The Full Monty
Poor Gaz (Robert Carlyle). He's got no job. He lives in a dingy flat. His ex-wife does not like their son hanging around with him. Plus his best-friend, Dave (Mark Addy), is a fat b*stard.
What's he going to do? Commit suicide? As that is what his new pal, Lomper (Steve Huison), attempts when he and Dave first meet him. No. Thankfully, not that. Instead, Gaz becomes intrigued by a suggestion made to him by Dave at job-club - strip for cash like the Chippendales do.
Granted, at first, this comment is treated as nothing more than jest by Gaz and his pals. However, because of the hopeless climate that they face, compiled with the need to earn some money, over time this seems like a prosperous way out of poverty for all of them.
Still, who can they now turn to, to aide them in this venture, huh? Yes. That's correct. Their old boss, Gerald (Tom Wilkinson), because he is a very good dancer don't you know. Plus, in addition to this, they also hire two more men to participate in this scheme with them as well, Horse (Paul Barber) and Nathan (William Snape).
Great news, because all they have to do next, is to learn how to strip in unison. No problem.
Yes - problem.
You see, if it wasn't bad enough that these men are not what I would call the most rhythmical bunch in the world, worst still, is that all of their nightmares come back to haunt them with a vengeance as time ticks on.
For a start, because Dave thinks that he has a weight problem -- he takes a job as a security guard and pulls out of this strip-fest. Next, Gerald's wife finds out that he is has been unemployed for six months -- and kicks him out of his home. Plus to make matters even more strained for one and all, while the remaining guys try to practice their routine in a disused warehouse -- some of them get temporarily detained by the police whom catch them in the act, resulting in Gaz's ex-wife to take their kid away from him.
Well, I suppose that is why what next transpires is a right free for all I can tell you. As reunions are jaunty - tales are not by Charlotte Bronte - glamour is not necessarily diamante - and get ready for the full Monty.
Can you believe in miracles?
Now who would have thought that a film about unemployed people from the North of England stripping could be so much fun! Well, that is what I first thought about 'The Full Monty' when I sat down to watch it! Just look at the facts: (1) Yes - all the actors did strip for the final scene in front of a live audience. (2) American studio executives did not understand the title of this film -- as they thought that it was about someone called Monty. (3) Prince Charles jovially re-enacted the unemployment office scene in 1998, with some young members of the Prince's Trust for television. (3) Because the film was originally running short, a couple of the montage scenes were recorded three months later. (4) The American version had special leaflets printed because English slang was used in this flick. (5) The working title for this film was "Eggs, Beans and Chippendales". (6) The film holds the record for the highest-grossing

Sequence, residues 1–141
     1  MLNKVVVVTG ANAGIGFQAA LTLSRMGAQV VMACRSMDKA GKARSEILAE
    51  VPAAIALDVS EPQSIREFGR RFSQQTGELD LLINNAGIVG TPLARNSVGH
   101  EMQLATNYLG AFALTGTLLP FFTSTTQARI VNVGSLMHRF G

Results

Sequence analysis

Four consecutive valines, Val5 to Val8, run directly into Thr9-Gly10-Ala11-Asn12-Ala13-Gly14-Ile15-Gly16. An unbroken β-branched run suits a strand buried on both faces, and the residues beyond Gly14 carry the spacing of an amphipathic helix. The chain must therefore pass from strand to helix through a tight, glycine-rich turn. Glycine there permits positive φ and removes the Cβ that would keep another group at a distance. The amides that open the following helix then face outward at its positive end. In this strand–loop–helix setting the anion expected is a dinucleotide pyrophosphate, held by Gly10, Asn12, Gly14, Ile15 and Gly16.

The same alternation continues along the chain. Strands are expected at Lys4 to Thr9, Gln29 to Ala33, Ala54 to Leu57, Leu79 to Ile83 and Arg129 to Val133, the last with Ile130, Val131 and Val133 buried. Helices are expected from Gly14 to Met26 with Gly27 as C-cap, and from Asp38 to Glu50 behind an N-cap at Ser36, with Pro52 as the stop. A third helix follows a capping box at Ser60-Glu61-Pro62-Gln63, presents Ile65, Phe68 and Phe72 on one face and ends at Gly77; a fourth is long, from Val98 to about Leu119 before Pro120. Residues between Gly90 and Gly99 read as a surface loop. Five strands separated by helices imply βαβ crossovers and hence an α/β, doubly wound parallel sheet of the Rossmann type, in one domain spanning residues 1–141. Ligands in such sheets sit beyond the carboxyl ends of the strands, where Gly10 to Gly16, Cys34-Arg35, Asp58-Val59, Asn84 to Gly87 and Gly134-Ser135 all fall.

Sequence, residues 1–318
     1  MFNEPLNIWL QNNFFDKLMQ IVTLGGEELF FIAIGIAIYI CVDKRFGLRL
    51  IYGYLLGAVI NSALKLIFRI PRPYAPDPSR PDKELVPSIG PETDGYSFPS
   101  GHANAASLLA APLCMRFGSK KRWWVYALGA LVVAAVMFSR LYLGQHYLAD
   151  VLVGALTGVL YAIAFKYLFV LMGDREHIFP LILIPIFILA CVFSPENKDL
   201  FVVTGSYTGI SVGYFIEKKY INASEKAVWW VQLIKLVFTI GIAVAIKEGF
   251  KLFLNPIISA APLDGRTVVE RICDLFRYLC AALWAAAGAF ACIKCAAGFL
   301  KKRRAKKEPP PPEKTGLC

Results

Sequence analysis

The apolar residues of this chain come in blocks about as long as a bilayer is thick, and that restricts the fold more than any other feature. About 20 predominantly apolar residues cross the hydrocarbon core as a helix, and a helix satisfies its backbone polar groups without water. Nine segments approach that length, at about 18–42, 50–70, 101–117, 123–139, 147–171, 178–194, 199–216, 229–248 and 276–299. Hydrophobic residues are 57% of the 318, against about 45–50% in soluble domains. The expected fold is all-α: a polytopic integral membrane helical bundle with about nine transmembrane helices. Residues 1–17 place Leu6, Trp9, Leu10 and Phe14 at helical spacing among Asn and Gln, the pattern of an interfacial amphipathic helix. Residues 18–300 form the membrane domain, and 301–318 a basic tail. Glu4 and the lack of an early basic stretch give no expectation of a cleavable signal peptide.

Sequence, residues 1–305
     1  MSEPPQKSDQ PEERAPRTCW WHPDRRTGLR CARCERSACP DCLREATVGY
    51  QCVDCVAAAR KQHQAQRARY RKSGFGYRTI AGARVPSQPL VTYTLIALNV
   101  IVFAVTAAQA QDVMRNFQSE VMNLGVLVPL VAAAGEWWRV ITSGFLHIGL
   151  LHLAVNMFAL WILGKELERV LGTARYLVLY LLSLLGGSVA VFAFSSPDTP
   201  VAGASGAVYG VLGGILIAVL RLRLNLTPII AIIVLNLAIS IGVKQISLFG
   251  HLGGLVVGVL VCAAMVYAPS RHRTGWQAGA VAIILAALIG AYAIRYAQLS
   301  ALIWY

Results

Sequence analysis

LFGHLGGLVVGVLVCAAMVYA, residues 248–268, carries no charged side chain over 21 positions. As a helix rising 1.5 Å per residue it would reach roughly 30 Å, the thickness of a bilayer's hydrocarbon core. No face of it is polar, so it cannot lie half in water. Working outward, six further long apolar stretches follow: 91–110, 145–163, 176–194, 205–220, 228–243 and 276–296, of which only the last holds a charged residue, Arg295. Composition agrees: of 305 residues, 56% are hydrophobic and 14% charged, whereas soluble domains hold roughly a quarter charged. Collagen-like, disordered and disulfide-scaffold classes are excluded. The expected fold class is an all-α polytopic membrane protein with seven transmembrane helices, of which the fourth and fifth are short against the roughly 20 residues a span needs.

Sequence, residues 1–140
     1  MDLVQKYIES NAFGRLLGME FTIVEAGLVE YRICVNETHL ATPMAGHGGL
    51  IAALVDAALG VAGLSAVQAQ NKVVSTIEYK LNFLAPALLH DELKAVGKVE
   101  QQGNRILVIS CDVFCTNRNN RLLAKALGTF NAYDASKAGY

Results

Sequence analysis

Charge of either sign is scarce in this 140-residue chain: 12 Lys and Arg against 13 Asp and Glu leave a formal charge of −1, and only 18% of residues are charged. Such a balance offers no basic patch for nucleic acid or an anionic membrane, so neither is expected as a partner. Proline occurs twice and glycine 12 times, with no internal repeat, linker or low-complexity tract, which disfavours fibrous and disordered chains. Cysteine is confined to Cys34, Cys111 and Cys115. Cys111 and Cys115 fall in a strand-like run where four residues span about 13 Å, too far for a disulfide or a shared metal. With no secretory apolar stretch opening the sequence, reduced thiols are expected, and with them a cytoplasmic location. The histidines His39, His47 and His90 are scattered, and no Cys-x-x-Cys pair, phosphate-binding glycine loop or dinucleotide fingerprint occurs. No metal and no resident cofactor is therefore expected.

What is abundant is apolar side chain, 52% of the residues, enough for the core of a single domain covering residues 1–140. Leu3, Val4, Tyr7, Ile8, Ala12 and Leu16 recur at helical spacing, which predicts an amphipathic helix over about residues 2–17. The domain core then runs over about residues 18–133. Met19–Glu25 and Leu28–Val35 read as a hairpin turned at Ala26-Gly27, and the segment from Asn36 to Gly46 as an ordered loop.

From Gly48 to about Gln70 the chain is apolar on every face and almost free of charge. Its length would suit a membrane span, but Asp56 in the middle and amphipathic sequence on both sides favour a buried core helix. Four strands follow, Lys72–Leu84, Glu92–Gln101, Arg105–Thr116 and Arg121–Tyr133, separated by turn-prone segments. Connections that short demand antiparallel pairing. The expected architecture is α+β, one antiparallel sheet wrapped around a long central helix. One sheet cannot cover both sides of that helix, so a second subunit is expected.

film in history, grossing a total of $256.9 million [£160.5 million]. (7) This movie was made into a 2000 Broadway musical. And (8) Both Rik Mayall and Nicholas Lyndhurst were considered for the role of Gaz. But Nicholas turned it down just in case it was cold at that time of year. Also, Danny Boyle turned down the chance to direct this film too, because he did not like the story that much. UK
OK, so now that my noggin is a bit more loose without all those pieces of trivia floating around my brain - 'The Full Monty' - why is it such a great English classic?
Well, I could just fob you off by saying that if Prince Charles thinks it's a good story, then so should you too. However, I am not like that. Instead, I would just like to say that this movie does a number of great things on a number of different levels.
For a start, it is a story that shows how people can sometimes go to any lengths to get on in life; because society and the harsh realities of existence can sometime make people do some really funny things. Then, on another level, it's about comradeship, and how having good friends around you is better than a pot of gold at times. Moreover, on yet another level, this comedy is about character and pathos, and how a daring attitude and a 'blinkered' way of looking at things can make life all the more sweeter.
Oh! Plus on top of that, I have to mention the actors and the music, right? Now where the actors are concerned all I can say is "YES". Beause every single one of them brings something to the table that is just exquisite to watch. Carlyle is the jack the lad. Mark is the frumpy friend with low self-esteem. Tom plays the mannered authoritarian to a tea. Plus Steve, Paul, and William, play the supporting parts that really do support this movie.
As for the music on the other hand, all I can to that is...
Comedy gold - always worth a watch.
THE RATING: A